Game Of Thrones undeniably changed TV forever, leaving what was, at the time, a revolutionary imprint and lasting legacy. Indeed George R.R. Martin’s books, by marrying fictional historical drama with dark fantasy in a more adult fashion, including graphic violence, language, nudity, and sex, seemingly revolutionized genre storytelling in a manner that had previously not been done for TV or in movies before.
Predictably, producers across the business scrambled to creates something similar, hoping to cash in the show’s success. Attempts at offering up something similar, if not a blatant rip-off of the series, met with varying degrees of success. Hoping to discover the next big thing and a worthy successor to the GOT ‘throne,’ the results have given us series like TV’s The Outpost, The Witcher, and more. Some attempts settled for pure fictionalized historic dramas loosely based on historical; reality. Series like Vikings and The Last Kingdom did a fine job in this regard. But only one series remained successfully loyal to the original concept of marrying historical drama with the supernatural elements of pure fantasy. That series is Britannia.
Not familiar with this title? Britannia is a historical drama/fantasy/adventure/mystery television series. The show is a creation of Jez Butterworth and Tom Butterworth. The show was the first co-production between Sky and Amazon Prime Video and stars Kelly Reilly, David Morrissey, Zoë Wanamaker, Mackenzie Crook, Nikolaj Lie Kaas, and Eleanor Worthington Cox. It first aired on Sky Atlantic in the UK beginning 18 January 2018 and on Amazon Prime Video in the US beginning 26 January 2018. The first series aired on Epix beginning 2 August 2020. The theme song is Donovan’s eerie “Hurdy Gurdy Man.”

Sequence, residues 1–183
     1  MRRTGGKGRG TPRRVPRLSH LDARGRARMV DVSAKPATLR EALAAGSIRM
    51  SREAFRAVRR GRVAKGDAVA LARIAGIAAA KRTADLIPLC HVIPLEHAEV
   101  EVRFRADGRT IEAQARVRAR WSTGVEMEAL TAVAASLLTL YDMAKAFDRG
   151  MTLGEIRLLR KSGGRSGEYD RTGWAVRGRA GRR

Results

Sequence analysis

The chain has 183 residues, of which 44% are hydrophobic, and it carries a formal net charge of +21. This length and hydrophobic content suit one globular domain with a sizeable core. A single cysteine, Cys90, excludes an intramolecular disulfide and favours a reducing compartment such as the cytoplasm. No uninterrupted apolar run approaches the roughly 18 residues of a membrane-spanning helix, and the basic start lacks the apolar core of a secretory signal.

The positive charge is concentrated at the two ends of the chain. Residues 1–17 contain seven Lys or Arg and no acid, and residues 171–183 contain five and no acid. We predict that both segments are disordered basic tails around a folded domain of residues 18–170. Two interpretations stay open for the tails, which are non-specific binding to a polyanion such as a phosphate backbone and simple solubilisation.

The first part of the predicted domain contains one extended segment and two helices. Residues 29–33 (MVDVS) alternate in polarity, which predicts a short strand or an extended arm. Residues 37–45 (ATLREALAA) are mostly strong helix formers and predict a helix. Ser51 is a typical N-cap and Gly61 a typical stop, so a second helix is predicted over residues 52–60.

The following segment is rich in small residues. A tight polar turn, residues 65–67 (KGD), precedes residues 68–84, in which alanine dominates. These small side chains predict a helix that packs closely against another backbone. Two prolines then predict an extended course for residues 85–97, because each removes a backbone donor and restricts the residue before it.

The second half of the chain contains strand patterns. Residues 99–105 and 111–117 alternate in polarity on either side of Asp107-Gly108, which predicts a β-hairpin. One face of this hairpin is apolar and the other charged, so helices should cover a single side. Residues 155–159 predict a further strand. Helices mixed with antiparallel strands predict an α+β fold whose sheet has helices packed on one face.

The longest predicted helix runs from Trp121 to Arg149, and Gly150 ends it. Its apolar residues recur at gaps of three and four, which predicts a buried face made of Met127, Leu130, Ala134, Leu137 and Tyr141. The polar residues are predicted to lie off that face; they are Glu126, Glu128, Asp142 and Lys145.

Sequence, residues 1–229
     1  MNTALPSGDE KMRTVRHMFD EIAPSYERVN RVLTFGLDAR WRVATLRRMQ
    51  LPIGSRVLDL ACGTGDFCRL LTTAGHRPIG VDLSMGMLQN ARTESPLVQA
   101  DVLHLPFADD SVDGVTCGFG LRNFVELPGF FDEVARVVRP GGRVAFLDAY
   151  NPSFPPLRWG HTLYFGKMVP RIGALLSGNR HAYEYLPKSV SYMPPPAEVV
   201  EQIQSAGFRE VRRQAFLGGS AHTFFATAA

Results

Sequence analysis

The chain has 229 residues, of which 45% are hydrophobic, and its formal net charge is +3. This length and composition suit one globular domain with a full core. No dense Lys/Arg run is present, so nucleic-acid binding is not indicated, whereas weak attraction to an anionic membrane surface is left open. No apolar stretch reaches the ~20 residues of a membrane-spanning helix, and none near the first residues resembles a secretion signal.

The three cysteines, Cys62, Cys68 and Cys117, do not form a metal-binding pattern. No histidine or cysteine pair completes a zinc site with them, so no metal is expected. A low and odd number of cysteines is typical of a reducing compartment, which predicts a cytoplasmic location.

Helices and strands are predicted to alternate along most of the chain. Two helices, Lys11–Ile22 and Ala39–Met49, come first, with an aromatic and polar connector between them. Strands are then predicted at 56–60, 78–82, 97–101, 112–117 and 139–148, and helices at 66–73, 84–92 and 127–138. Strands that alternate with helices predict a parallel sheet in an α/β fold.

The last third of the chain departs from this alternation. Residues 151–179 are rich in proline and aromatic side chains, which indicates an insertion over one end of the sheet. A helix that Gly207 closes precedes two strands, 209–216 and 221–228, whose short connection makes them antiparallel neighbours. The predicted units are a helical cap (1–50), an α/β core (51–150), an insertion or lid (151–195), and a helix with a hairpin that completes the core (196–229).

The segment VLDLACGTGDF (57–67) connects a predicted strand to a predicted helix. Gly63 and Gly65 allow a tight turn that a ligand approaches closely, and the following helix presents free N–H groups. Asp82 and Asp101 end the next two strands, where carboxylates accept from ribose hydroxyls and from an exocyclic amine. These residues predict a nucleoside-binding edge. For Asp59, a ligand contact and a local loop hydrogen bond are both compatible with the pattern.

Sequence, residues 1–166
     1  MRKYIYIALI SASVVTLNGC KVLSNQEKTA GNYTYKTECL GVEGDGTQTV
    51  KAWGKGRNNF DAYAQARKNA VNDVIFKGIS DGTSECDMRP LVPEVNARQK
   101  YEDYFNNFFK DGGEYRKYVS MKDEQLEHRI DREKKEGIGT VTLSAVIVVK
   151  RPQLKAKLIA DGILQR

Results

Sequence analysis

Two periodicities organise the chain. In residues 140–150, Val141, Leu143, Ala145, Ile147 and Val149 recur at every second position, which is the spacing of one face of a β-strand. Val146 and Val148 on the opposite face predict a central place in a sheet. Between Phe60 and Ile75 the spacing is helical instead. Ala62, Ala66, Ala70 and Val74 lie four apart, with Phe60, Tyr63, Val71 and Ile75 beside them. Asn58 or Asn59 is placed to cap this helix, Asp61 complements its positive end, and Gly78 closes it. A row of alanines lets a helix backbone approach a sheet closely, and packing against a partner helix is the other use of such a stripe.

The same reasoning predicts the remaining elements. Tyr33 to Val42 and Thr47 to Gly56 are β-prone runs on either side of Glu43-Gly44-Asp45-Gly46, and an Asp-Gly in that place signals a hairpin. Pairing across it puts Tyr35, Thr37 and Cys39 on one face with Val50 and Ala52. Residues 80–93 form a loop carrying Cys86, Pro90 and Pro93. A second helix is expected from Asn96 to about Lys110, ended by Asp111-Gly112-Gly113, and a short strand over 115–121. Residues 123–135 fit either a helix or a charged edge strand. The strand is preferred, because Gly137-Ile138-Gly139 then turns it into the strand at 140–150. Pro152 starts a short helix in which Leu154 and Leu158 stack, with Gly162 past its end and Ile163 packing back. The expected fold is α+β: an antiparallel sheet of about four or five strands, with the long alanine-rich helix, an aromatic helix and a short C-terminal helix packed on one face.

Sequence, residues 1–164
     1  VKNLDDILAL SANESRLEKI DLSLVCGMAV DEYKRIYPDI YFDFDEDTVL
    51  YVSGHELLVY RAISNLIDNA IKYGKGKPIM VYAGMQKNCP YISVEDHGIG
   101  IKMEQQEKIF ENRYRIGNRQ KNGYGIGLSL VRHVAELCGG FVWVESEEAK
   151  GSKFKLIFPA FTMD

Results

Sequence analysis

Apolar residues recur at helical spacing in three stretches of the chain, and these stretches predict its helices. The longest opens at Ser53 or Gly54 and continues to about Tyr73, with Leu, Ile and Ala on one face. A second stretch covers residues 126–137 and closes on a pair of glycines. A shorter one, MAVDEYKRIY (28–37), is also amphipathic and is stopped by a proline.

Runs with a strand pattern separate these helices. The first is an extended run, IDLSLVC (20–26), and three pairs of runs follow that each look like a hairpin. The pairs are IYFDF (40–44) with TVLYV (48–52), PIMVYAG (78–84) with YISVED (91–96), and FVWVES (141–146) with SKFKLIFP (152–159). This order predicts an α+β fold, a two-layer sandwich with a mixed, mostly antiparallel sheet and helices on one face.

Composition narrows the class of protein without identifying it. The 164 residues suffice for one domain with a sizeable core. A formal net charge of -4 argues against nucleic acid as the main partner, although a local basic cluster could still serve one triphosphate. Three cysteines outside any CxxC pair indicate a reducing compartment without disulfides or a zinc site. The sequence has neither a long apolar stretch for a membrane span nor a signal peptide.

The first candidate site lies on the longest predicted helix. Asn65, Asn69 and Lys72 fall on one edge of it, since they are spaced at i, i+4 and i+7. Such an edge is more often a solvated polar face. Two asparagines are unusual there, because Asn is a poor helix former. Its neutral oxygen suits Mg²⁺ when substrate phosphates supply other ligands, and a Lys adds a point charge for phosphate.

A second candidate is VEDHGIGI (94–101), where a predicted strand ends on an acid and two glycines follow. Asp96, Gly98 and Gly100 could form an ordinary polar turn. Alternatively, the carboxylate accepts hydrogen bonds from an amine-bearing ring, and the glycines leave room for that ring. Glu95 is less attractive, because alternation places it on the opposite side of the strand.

Although not as sprawling or epic in scale as GOT, this series is every bit as engaging as a narrative set in very early and perpetually grimy Britain. It’s the Celtics and druids vs. the invading Romans this time around. The show’s narrative is another discussion of the ages-old conversation about free will and destiny, with destiny at least so far holding all the cards. It’s no secret the British have mastered the period piece better than anyone else. Like the BBC period pieces that went before it, the series is an excellent example of the genre. Britannia’s creators spared no expense in creating a remarkably believable and brutal setting for its narrative to play out against and is another overall excellent production from Amazon Studios.
True to the Brish thespian DNA, the cast does an excellent job creating fascinating characters that make a lasting impression. This cast is excellent all around, but the series spends most of its time on the show’s main characters. David Morrissey is very impressive and sinister as the show’s sociopathic chief villain, who, unknown to the men he commands, has a hidden agenda of his own as Aulus Plautius, a Roman General in charge of the invasion, along with Mackenzie Crook as Veran and Harka the Druid leaders who are equally sinister as his opposite.
My favorite two characters in the series are the odd couple of Nikolaj Lie Kaas as Divis / The Outcast and Eleanor Worthington Cox as Cait, a young peasant woman that fate has big plans for. Britannia owes a great deal of its appeal, and most amusing moments, to the back and forth between these two, and despite her young age, the actress does a memorable job in the role and never gets upstaged by her older castmate. These two are priceless and contribute a great deal to this series.
Only two of the show’s seasons have aired. It remains uncertain how this compelling and entertaining story that, at its core, is a mystery will play out in the end. One thing is for certain, I’m hooked, and I eagerly await season 3 of this genuinely captivating series and more if that is the case. This is excellent stuff, full of humor, mystery, action, and adventure. Highly recommended.